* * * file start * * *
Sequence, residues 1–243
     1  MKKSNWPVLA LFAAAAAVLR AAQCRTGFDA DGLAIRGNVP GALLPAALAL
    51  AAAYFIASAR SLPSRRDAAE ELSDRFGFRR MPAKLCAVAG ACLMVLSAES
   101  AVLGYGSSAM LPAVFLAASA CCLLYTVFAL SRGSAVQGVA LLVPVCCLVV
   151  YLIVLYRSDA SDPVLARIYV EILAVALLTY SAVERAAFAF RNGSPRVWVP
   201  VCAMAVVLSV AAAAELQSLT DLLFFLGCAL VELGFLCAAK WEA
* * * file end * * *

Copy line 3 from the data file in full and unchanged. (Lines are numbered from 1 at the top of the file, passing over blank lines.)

    51  AAAYFIASAR SLPSRRDAAE ELSDRFGFRR MPAKLCAVAG ACLMVLSAES